Red Son Misses the Mark… And the Point

What happens when Superman is raised in Russia?

The DC Animated movies can be really hit or miss. They’ve done some really great adaptations of DC Comics stories – the DEATH and RETURN of Superman films were a lot of fun – but every now and then, there’s a release that just feels like the creative team wasn’t on the right page. The latest film, an adaptation of a classic 2003 ELSEWORLDS story from Mark Millar, unfortunately feels like it fits into the latter category.

Three years ago, I wrote a piece where RED SON was one of the DC Comics stories that I thought should be turned into an animated movie. In that piece, I said the story’s epilogue wouldn’t be necessary to deliver a compelling adaptation. Now that I’ve seen an adaptation that didn’t include the comic’s epilogue, well, it’s clear that I was wrong.

For the uninitiated, Superman: Red Son was an ELSEWORLDS story where Superman was sent to Earth, but instead of landing in Kansas so he could be discovered by Jonathan and Martha Kent, the rocket landed on a collective farm in the Ukraine. Once his powers developed, he was taken in by Josef Stalin, who used Superman to expand the power base of the Soviet Union. The United States, on the other hand isn’t faring so well. Millar’s three-issue miniseries becomes a political chess match between Soviet premiere Superman and American industrialist and president Lex Luthor, with some superpowered battles mixed in.

But what I think makes the original Red Son so memorable is the ending. After Superman foils Brainiac’s plans to take over the world – after serving decades as an aide-de-camp to Superman, just lying in wait – he disappears, leaving the world to Luthor. Through his scientific achievements, Luthor unifies the world, cures all diseases and expands the reach of the human race beyond the stars. Billions of years later, Luthor’s descendent Jor-L, in an attempt to save his only son from the death of the universe, sends baby Kal-L back in time, where he lands on a farm in the Ukraine. It’s exactly the kind of “holy crap” ending you would expect from Millar, and it cemented Red Son in the comic book consciousness as a modern classic.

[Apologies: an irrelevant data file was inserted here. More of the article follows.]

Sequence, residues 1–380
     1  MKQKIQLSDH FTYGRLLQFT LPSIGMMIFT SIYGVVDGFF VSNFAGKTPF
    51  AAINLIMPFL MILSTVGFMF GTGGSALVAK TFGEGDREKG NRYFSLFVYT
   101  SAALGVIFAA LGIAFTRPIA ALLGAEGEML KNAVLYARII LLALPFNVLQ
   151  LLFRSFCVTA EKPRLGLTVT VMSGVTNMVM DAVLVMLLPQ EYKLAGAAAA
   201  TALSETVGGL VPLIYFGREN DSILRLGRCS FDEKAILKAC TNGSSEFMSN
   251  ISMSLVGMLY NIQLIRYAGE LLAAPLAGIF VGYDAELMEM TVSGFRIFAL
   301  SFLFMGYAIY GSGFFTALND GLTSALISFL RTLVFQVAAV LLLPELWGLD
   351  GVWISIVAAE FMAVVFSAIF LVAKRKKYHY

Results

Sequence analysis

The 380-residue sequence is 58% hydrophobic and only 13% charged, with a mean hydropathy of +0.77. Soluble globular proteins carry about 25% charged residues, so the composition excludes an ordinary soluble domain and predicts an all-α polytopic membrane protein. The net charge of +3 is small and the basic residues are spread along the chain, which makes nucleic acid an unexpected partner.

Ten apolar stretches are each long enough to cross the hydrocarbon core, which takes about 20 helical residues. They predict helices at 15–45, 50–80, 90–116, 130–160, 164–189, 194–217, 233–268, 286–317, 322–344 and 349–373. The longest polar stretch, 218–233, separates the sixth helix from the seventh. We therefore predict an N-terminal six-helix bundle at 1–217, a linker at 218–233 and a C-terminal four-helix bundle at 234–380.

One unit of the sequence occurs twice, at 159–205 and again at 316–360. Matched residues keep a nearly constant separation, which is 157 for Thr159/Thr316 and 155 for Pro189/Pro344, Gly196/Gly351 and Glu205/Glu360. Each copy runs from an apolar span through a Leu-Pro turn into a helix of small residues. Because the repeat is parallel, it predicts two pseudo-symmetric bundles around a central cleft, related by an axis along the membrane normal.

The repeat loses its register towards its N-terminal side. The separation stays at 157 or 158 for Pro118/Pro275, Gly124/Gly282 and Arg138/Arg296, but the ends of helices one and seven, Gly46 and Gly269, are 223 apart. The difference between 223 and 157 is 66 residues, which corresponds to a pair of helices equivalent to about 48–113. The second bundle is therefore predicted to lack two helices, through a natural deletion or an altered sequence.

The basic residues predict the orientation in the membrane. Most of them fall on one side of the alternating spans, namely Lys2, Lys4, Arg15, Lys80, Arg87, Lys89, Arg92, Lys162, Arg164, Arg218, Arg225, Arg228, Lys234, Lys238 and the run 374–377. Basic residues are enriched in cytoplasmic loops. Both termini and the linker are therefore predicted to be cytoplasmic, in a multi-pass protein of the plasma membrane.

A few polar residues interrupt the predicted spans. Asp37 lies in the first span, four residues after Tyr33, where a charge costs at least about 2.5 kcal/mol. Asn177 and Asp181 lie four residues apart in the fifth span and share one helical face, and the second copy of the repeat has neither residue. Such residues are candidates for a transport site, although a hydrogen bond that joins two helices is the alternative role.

But that ending is nowhere to be found here. I feel like it could have helped.

With a less complicated ending, the DC Animated version of Superman: Red Son is more standard fare. The animation never attempts to match the artwork of Dave Johnson and Killian Plunkett. Instead, the movie sticks to the usual animation style. Again, it’s a more palatable choice for wider audiences, but if the studio is no longer adjusting art styles to meet the look of the work it’s adapting – like it did with New Frontier and All-Star Superman – it all feels a little disappointing.